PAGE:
The material presented here is for educational purposes only, and is not intended to be used as financial, investment, or legal advice.
How Does Interest Work?
How does interest work? Find out what an interest rate is, how it is set and how it works for different types of loans.
- How Interest Works
- Compound vs. Simple Interest
- What is an Interest Rate?
- Interest Rate Comparison Video
- What are APRs?
- How Interest Rates are Set
- Loan Types and Interest Rates
- Other Considerations
How Interest Works
You’ve heard plenty about interest and interest rates. But what do these terms really mean for you and your finances? We’re breaking down some interesting details about interest so you can make smart decisions about your money and how you want to use it.
Let’s start with the basics. Interest is what you pay to a person or lender in order to borrow money or purchase/lease an asset like a car, home or business. Principal is the amount you are borrowing (or the cost of the asset).
Interest is also the amount you earn on a savings account, money market, savings certificate or other interest-bearing account. You make a deposit to your credit union account and the credit union pays you interest in order to be able to use that money. The longer you keep your money in the account, the more interest you can earn!
Compound vs. Simple Interest
There are two types of interest: simple and compound.
- Simple interest is a set percentage of the amount that you borrow. For example, if you are charged 10% to borrow $100, you would pay back $110. Most loans from a friend or family member are paid back with simple interest (if any). Some credit union or bank loans also use simple interest.
- Compound interest takes into account the principal borrowed as well as any interest accrued up until this point. You’re paying interest on the principal, as well as interest on the interest. (As a reminder, the principal is the sum borrowed from the lender, while interest is the additional money paid to the lender for the privilege of borrowing that amount.) Interest can be compounded monthly, quarterly or annually. Loans with a shorter compounding timeframe (daily, monthly) will cost you more in interest if you’re the borrower, but they will also earn you more if you’re saving money in an interest-bearing account!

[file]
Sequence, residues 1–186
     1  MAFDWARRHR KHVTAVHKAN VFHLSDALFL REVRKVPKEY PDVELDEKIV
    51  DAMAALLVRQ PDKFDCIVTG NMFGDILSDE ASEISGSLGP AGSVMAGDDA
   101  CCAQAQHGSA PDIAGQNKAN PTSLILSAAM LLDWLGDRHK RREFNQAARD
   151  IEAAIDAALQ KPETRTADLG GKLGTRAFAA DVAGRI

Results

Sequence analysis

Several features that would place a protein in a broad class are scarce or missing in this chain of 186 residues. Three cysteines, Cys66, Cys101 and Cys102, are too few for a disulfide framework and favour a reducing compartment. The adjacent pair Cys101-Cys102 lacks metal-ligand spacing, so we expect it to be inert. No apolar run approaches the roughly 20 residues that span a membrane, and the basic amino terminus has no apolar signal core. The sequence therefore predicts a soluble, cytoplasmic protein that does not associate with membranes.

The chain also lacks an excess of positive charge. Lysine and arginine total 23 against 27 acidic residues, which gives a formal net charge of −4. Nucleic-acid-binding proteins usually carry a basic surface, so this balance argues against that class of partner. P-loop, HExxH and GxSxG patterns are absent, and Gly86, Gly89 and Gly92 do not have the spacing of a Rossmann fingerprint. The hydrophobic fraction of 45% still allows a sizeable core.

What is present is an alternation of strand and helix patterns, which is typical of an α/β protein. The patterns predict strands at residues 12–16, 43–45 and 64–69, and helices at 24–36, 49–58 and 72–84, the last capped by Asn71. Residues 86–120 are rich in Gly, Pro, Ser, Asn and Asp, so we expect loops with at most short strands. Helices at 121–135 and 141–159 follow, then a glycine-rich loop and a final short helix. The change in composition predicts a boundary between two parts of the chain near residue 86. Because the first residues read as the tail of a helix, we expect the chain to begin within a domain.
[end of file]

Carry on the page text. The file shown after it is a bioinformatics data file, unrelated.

What is an Interest Rate?
An interest rate is the amount that a lender charges you to borrow money, typically expressed as a percentage. You will also see interest rates advertised on savings and money market accounts, savings certificates, IRAs and other interest-bearing products. This is the percentage that the financial institution will pay you for the temporary use of the money in your accounts.
See how interest can make a big difference to your bottom line.
What are APRs?
You’ll often see the term APR on credit card or loan documents. APR stands for Annual Percentage Rate and includes both interest and any processing fees that you’ll pay to your lender during the year. (Note that APR does NOT include any fees that you may accrue as a result of your actions during the year, such as a returned payment fee or late payment fee.)
How Interest Rates are Set
Lenders determine the interest rate that they will charge on a loan based on factors that include loan type, loan term and the applicant’s credit score and credit history. So, a good rate for one person might not be a competitive rate for another person with a stronger credit history and higher score.
Your loan term indicates how long you have to pay back your loan. A “term loan” means that you have specified payment amounts to be paid back over a set number of months or years. For example, if your loan term is 60 months, you have a total of five years to pay off your loan. If your loan has a fixed interest rate, you will have pre-set monthly payments. If your loan has a variable interest rate, your payment amount may change from month to month.